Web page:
From the July 2015 issue of Labour Force, Australia (cat. no. 6202.0), gross flow estimates have been expanded to include the 'unmatched' part of the sample for completeness (i.e. those who do not have a labour force status for the previous month, or those who do not have a labour force status for the current month). Weights for both the first and second months of each pair were also introduced. Gross flow estimates are available monthly in a data cube in Labour Force, Australia (cat. no. 6202.0) - see GM1 - Labour Force Statistics and Gross Changes (flows) by Sex, State and Age. For more information on the contribution of sample changes to gross flows, refer to the monthly summary ‘Insights from the Original Data’ in Labour Force, Australia (cat. no. 6202.0).
While every effort is made to reduce non-sampling errors to a minimum, any such errors affecting labour force status will tend to accumulate in the gross flow statistics. The estimates are also subject to sampling variability.
For more information on gross flows, see Labour Force Survey Standard Products and Data Item Guide (cat. no. 6103.0) or Appendix 3.
RELIABILITY OF THE ESTIMATES
Estimates from the survey are subject to both sampling and non-sampling error.
Sampling error occurs because a sample, rather than the entire population, is surveyed. The most commonly used measure of the likely difference resulting from not including all households in the survey is given by the standard error. Tables of standard errors of survey estimates are published each month in Labour Force, Australia (cat. no. 6202.0). The standard errors in these tables are mathematically modelled after each sample redesign, using many different estimates from several months of survey responses. Standard errors for other estimates and other movements may be calculated by using the spreadsheet contained in Appendix 3 or Labour Force Survey Standard Errors, Data Cube (cat. no. 6298.0.55.001). Further information about sampling error is available in Chapter 16.
Non-sampling error arises from inaccuracies in collecting, recording and processing the data. Every effort is made to minimise reporting error by the careful design of questionnaires, intensive training and supervision of interviewers, and efficient data processing procedures. Non-sampling error also arises because information cannot be obtained from all persons selected in the survey. The LFS receives a high level of co-operation from individuals in selected households, with response rates averaging around 93%. Further information about non-sampling error is available in Chapter 16.
Data are compiled according to concepts and definitions outlined in Chapters 2 to 8. Estimates are published monthly in Labour Force, Australia (cat. no. 6202.0). More detailed data are published one week later in Labour Force, Australia, Detailed - Electronic Delivery (cat. no. 6291.0.55.001) and in the quarterly release Labour Force, Australia, Detailed, Quarterly (cat. no. 6291.0.55.003). Other detailed estimates may be available on request.
An expanded Longitudinal dataset for Labour Force data is available in the Longitudinal Labour Force (cat.no. 6602.0) release. It includes a range of data to enable users to better understand the dynamics of the labour market and transitions between employment, unemployment and not in the labour force. For more information on the data items available, see Microdata: Longitudinal Labour Force, Australia, 2008-10 (cat. no. 6602.0).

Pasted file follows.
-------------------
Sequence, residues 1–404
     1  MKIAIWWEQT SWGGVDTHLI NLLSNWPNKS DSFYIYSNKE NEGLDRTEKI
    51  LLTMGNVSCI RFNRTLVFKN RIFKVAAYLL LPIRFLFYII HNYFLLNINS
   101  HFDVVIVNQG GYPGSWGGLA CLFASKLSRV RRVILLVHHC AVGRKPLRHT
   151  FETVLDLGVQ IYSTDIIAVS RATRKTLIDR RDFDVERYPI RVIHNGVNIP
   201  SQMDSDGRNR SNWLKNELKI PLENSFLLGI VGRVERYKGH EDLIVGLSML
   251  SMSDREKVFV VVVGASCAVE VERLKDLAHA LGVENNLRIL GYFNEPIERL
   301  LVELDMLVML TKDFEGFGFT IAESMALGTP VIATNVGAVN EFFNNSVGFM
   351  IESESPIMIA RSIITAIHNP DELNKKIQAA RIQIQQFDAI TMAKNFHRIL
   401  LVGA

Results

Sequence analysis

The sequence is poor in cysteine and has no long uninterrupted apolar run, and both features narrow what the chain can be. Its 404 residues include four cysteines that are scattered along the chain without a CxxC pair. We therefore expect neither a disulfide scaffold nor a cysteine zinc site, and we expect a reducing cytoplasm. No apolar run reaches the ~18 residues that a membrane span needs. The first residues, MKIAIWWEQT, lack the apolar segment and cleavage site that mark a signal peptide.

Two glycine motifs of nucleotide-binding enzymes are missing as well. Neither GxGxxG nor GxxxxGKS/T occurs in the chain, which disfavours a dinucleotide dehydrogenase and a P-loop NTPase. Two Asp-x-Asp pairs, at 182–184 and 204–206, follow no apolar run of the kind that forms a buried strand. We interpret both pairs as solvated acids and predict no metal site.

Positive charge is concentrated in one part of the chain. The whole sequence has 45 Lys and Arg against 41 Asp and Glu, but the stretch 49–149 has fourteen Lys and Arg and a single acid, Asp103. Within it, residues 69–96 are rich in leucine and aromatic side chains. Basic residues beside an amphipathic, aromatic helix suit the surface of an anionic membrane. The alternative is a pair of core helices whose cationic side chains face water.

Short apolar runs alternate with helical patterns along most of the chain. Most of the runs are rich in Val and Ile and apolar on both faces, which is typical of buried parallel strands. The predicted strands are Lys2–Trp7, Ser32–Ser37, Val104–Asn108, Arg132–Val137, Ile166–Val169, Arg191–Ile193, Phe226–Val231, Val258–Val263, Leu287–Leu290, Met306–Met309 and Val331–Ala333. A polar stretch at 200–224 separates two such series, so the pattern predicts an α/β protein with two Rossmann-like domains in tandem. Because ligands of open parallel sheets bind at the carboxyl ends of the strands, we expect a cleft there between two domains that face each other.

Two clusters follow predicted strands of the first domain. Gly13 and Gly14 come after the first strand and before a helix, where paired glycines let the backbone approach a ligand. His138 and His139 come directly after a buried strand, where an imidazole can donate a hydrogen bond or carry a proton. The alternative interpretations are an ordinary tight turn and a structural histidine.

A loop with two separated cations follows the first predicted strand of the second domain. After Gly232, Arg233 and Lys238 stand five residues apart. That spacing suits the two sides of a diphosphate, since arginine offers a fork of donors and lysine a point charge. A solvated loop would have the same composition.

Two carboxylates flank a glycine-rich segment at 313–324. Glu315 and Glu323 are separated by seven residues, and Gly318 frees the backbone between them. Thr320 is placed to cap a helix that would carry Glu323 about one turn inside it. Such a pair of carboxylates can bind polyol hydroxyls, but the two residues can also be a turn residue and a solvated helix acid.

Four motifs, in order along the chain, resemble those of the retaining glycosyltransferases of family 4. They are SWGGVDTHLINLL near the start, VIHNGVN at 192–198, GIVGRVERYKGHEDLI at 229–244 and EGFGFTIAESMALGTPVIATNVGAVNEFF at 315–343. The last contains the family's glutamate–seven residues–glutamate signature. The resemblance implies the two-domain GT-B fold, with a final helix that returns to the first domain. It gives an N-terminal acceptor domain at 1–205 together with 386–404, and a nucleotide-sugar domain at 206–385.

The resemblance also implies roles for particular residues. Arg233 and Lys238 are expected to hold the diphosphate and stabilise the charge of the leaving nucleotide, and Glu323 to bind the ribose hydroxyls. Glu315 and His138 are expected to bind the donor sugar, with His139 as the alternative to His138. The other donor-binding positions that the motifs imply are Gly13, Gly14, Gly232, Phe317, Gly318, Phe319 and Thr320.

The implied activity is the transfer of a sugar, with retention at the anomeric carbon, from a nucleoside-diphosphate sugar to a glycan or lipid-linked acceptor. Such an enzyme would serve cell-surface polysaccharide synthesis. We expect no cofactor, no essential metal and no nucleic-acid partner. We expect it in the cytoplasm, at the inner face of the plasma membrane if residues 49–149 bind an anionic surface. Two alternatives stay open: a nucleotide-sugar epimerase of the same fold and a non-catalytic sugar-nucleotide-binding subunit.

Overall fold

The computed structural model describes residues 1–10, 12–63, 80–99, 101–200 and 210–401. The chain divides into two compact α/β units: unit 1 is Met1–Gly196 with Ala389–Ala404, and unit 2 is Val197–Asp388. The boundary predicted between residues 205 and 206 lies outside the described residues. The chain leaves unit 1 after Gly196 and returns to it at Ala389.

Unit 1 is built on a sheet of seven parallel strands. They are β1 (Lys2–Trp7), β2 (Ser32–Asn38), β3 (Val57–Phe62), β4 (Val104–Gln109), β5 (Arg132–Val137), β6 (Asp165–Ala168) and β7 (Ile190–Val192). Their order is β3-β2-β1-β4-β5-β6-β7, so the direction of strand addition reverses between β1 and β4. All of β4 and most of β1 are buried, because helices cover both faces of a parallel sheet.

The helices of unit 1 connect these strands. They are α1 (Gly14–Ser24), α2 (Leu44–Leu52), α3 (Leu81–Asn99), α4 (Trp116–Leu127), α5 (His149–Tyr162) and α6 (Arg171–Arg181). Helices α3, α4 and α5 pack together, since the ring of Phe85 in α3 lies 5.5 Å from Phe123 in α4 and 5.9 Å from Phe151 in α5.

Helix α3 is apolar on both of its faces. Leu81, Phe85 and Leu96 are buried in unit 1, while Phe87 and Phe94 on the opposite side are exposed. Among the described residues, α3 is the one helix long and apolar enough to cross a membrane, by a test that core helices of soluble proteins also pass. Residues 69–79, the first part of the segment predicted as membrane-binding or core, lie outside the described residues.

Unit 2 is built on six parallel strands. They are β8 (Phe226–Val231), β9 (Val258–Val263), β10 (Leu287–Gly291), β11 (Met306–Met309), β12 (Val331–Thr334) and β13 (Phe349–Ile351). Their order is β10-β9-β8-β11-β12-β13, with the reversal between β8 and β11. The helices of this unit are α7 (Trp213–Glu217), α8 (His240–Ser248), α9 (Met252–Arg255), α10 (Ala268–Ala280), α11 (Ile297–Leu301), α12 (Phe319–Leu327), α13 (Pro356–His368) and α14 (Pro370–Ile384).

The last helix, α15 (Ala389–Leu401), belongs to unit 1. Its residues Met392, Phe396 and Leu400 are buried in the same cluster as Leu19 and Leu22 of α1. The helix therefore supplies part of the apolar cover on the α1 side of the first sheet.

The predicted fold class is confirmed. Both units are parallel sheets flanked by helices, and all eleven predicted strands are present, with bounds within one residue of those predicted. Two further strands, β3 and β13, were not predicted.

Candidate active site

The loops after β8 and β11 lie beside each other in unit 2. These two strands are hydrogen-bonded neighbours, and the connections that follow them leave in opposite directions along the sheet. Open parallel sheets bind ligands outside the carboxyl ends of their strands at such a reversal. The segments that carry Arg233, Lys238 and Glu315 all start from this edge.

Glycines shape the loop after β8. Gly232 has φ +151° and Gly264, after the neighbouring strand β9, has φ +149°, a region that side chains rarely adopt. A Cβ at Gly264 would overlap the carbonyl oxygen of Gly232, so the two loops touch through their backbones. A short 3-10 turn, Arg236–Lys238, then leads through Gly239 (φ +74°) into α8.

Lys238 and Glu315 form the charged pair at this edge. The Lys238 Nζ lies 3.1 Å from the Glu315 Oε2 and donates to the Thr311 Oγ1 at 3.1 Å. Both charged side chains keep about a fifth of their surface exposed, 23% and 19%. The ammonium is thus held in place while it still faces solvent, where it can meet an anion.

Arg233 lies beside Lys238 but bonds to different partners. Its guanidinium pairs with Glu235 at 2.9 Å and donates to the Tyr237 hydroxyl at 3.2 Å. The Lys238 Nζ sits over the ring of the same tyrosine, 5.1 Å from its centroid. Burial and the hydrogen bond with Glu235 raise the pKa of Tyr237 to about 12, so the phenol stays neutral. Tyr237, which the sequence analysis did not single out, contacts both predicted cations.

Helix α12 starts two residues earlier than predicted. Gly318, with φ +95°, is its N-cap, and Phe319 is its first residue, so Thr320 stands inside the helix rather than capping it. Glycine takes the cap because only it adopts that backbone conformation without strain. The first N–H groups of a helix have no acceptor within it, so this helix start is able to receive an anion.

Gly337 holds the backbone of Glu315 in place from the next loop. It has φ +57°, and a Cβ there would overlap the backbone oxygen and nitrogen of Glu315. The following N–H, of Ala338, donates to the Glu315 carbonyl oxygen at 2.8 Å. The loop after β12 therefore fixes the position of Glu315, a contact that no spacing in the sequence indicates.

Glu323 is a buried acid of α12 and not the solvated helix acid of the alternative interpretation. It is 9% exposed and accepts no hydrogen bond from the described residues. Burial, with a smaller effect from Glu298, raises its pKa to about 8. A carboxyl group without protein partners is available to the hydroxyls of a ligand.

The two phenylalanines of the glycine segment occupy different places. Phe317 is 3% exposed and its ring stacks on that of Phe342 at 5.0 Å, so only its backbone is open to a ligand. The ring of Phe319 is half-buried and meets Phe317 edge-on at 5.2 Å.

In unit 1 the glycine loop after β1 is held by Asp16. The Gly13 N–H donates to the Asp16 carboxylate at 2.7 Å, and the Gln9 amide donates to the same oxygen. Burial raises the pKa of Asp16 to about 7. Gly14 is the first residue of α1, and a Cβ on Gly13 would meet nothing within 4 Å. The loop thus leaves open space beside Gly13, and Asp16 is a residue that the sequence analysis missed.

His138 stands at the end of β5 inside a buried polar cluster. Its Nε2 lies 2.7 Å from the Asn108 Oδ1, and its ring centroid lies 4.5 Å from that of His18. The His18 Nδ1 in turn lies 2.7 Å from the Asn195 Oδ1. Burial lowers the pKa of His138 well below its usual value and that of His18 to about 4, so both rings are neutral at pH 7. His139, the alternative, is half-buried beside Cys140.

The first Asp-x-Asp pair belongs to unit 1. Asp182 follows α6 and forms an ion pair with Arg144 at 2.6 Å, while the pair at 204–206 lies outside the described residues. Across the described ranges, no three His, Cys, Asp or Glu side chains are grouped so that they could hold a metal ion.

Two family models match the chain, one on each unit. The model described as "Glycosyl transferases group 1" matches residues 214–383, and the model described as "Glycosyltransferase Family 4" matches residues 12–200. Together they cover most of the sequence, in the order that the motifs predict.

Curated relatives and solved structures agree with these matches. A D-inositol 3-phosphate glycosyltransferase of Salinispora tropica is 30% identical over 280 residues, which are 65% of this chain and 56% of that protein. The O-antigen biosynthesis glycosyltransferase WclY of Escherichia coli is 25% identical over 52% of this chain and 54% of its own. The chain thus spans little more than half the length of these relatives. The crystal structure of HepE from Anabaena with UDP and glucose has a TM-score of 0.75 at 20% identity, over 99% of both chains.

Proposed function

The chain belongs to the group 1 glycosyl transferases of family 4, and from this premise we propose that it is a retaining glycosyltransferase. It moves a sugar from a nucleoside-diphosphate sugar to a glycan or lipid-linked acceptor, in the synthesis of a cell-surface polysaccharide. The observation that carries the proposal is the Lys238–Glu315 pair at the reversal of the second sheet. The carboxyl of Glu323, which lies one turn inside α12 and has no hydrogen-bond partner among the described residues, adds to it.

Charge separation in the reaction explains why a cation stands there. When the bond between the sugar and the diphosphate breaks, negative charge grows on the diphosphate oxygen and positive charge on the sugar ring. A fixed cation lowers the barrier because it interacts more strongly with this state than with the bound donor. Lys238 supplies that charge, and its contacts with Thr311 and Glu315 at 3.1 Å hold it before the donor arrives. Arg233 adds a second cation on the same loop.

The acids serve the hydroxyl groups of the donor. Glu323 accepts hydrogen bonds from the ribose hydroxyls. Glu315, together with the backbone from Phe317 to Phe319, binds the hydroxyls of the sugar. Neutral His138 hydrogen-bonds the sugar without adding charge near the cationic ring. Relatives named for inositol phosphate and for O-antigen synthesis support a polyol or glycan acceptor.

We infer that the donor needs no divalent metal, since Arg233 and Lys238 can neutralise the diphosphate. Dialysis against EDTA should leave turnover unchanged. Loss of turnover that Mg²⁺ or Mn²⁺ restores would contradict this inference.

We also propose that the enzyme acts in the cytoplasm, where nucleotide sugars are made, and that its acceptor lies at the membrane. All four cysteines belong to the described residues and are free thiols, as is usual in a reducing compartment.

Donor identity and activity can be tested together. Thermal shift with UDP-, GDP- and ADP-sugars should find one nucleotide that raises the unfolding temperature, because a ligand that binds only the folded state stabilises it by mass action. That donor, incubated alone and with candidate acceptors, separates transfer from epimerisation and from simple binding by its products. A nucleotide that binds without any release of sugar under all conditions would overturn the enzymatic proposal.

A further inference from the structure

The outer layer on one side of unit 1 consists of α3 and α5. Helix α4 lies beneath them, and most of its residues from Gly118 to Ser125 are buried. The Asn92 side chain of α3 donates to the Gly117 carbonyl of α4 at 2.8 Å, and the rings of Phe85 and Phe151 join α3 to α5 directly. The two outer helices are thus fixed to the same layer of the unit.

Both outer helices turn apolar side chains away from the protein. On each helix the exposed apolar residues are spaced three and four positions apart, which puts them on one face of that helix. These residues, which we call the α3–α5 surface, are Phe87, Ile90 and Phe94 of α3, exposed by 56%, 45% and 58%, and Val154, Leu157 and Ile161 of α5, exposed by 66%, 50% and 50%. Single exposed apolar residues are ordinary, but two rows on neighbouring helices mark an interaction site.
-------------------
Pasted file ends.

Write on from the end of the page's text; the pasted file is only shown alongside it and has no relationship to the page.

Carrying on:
Historical estimates can be found in Labour Force Historical Timeseries, Australia (cat. no. 6204.0.55.001). Family estimates are currently published in Labour Force Status and Other Characteristics of Families (cat. no. 6224.0.55.001). Estimates on Aboriginal and Torres Strait Islander Australians are currently published in National Aboriginal and Torres Strait Islander Social Survey, 2014-15 (cat. no. 4714.0)
The LFS survey output includes:
Sex; age; social marital status; relationship in household; family type; participation in school and tertiary education; highest year of school completed; level of highest educational attainment; birthplace and year of arrival in Australia; state or territory of usual residence; and region of usual residence.
Persons in the labour force
Labour force status; unemployment rate; labour underutilisation rate; labour force participation rate; gross flows (changes) in labour force status; volume measures of underutilisation*; and retrenchments in the previous quarter*.
Status in employment of main job; full-time or part-time status; hours actually worked in all jobs; hours actually worked in main job; hours usually worked in all jobs; hours usually worked in main job; monthly hours worked in all jobs; expectations of future employment; number of months with current employer or in own business; underemployment; reason for working fewer hours than usual in the reference week; occupation of main job*; industry of main job*; and sector (public/private) of main job*.
Whether looked for full-time and/or part-time work; reason for ceasing last job*; industry and occupation of last job*; duration of job search; and whether active steps taken to find work.
Persons not in the labour force
Reason not in the labour force; whether looking for work; and retrenchments in the previous quarter*.
Seasonally adjusted and trend (i.e. smoothed seasonally adjusted) data are available for selected series including labour force status; unemployment; labour force participation rate; industry of employment; and long term unemployed. Seasonally adjusted data are not available for the Northern Territory or the Australian Capital Territory. See Chapter 16 for further explanation of these terms.
* These data are released for the months of February, May, August and November only.